In a recent survey I ran on The Imaging Forum (TIF: anyone is welcome to join, see the sidebar at left for more information), the group was split exactly in half about whether to put a Skylight or UV filter on the lens for protection. The argument is whether it’s a good idea to put a $10 piece of glass on a $2000 lens.

The most frequent argument in favour of using a filter was that it protects the lens against inadvertent damage if you bang it into something. I've been shooting pictures for 50 years and I have yet to bang my lens into anything. The most compelling argument is when you're in harsh conditions, like in the middle of the sahara desert, sand can abrade your lens. OK, when I go to the Sahara...

I think that Nikon (or Canon, or Sigma or...) put a lot of effort into creating nearly flawless glass with non-reflective and rugged coatings designed to enhance your images. Most filters are stamped out in low end glass factories. Not all, by the way: there are brands like B&W where you'll pay $100 for a UV filter!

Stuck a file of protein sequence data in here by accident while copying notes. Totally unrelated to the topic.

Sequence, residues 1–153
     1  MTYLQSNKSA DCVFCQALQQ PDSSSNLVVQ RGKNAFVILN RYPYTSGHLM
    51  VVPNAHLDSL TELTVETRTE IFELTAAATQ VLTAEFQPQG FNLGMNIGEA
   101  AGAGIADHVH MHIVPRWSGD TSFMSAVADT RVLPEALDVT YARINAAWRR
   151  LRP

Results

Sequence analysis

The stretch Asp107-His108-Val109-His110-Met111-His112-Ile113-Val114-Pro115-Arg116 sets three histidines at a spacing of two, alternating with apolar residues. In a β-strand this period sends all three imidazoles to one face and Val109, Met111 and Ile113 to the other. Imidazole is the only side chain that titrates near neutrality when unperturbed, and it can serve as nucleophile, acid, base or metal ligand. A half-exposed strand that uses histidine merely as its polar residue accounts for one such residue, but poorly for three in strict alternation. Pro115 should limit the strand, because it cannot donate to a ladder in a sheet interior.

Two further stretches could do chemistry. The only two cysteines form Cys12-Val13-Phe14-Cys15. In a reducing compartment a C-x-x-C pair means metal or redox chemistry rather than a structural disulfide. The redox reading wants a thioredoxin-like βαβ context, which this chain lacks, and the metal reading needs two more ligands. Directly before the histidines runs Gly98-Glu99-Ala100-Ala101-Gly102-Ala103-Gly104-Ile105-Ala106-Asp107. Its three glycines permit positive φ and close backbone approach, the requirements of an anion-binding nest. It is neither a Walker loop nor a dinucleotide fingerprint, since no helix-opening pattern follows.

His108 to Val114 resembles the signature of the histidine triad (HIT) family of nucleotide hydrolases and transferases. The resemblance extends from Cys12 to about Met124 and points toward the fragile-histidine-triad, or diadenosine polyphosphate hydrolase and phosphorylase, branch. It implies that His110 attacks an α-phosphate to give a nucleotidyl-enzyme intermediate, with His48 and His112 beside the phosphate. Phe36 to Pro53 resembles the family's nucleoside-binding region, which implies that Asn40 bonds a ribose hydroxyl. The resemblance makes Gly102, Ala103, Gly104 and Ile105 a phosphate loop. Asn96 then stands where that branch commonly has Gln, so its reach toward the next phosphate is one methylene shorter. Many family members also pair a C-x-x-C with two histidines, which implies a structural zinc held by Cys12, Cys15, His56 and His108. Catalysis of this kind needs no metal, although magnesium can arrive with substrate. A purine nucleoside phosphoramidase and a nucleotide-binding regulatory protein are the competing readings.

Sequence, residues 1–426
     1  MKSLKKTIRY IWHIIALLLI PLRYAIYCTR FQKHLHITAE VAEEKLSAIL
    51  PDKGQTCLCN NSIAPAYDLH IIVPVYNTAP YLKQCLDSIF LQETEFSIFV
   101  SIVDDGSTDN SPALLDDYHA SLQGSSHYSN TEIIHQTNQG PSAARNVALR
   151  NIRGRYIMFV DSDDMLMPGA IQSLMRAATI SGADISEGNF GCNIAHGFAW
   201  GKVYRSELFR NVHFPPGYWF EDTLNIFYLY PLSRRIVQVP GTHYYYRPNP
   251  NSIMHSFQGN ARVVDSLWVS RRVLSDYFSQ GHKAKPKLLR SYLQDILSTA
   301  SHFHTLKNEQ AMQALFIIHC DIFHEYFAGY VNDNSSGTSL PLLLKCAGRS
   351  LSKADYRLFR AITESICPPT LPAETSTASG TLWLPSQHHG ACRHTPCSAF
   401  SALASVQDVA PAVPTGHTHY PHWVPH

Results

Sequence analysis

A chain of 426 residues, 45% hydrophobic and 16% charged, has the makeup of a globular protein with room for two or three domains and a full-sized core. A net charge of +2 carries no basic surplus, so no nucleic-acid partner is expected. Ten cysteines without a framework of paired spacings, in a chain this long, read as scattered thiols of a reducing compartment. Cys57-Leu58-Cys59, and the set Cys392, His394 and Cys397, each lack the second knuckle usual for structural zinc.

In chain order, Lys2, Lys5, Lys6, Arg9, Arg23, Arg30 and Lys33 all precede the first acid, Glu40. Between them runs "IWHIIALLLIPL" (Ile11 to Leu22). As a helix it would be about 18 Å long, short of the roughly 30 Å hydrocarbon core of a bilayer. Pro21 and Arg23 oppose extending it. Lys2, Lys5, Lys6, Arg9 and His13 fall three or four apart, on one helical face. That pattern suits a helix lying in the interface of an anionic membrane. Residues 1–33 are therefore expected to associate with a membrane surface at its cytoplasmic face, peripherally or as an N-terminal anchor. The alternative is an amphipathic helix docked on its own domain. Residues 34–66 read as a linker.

I called Nikon and asked them how much it would cost to replace a damaged front element on the $2500 70-200mm f/2.8 VR lens. $200-$300. So I decided to take the chance. Your call, though!

Cleaning your Sensor

Actually, you can't get at the sensor. It's protected by a glass lo-pass filter. So you'd really be cleaning the filter. But replacing it if you damage it, costs as much as a new camera. The manufacturers tell you that you void your warranty if you damage it.

There are lots of online resources to show you how to proceed. Please take the time to look through a few of them. Here's a link to a Google Search.

What do I use? I have the LensPen SensorKlear kit, that I bought from B&H Photo online. Here's the link: SensorPen.